Maiko & Geiko | Photographer: Arif Iqball | BLACK AND WHITE | Scoop.it

Outside Japan there is often a misunderstanding about the role of the Geisha and that misunderstanding comes from different literary and movie interpretations/fictionalization by non-Japanese at different points in history. The difficulty also comes from the inability to recognize/accept that female entertainers can exist in cultures without engaging in any form of sexual entertainment.

 

The historical city of Kyoto, Japan is the true center of this floating world and home to five Kagai (literally flower towns, but specifically, performance districts) where you can see Geishas today. The oldest Kagai dates back to the fifteenth century and the tradition of the Geisha continues in Kyoto in the true manner and spirit as it has historically, where the women take pride in being “women of the mind” versus “women of the body”. By all local/Japanese definitions, these women are living art as well as the pinnacle of Japanese eloquence, good manners, style and elegance and are highly respected in Japanese society as artists. Some of their teachers have been labeled as “Living National Treasures” by the Japanese Government. The “Gei” of the Geisha itself means Art and “sha” means a person. Historically both men and women have been labeled Geisha although that word is seldom used and Geiko and Maiko (Apprentice Geiko) are the more appropriate forms of address.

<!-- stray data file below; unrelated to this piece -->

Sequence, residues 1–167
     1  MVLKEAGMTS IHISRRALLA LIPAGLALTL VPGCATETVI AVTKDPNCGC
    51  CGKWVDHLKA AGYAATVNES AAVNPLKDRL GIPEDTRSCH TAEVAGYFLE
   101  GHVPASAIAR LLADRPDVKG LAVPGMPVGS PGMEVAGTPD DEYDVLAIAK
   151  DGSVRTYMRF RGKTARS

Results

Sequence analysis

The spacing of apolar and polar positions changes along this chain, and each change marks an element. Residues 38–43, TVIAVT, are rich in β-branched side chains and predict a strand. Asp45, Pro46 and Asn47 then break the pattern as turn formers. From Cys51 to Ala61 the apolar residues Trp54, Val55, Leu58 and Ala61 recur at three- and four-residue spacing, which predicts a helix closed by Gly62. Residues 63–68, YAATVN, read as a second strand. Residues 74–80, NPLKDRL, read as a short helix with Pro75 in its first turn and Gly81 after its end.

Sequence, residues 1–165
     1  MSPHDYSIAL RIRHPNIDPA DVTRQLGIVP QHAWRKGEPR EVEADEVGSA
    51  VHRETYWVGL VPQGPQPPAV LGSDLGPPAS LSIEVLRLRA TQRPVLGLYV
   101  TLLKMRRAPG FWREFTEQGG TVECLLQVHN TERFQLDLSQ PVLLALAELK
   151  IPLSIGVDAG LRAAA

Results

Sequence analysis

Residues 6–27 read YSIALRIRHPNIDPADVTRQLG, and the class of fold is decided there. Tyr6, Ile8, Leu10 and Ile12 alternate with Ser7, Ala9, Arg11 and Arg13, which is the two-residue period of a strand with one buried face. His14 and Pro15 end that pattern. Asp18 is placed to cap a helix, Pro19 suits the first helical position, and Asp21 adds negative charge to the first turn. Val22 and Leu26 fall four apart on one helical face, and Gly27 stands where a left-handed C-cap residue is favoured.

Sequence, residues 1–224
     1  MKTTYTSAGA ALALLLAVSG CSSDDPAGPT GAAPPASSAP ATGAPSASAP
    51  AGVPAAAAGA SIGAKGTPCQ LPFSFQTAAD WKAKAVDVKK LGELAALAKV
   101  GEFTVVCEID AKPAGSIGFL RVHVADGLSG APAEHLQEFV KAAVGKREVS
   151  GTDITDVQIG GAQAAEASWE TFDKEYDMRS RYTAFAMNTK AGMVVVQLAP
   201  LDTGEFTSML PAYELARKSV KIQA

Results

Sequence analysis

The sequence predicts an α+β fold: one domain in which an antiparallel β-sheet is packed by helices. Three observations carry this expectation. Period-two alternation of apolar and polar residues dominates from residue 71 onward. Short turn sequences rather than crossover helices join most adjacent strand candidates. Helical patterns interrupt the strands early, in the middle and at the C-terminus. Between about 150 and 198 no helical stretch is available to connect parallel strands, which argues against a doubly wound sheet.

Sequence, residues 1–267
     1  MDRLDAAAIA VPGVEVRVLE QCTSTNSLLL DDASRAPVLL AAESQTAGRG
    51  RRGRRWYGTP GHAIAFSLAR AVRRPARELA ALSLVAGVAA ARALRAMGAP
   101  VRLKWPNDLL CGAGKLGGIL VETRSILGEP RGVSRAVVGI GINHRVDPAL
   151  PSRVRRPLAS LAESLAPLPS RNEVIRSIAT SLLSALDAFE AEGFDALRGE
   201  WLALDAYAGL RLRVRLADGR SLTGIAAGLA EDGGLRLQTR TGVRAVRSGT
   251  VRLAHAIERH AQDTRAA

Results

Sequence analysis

There has been very little work done to photograph the artistic side of the Geiko and Maiko and my work is an effort to see them as living art and to be able to portray them in both formal and informal settings. Behind the painted face is really a teenager/young woman working very hard through song, dance, music, and witty conversation to make the customers of the tea houses escape from their world of stress to a world of art/humour/relaxation and laughter.

Most of this work was done in Medium Format to enable the viewer to eventually see and feel the larger photograph itself as art and I hope that this broader work can shed a new light to the understanding of the Maiko and Geiko and bring respect to them as artists from the non-Japanese viewer.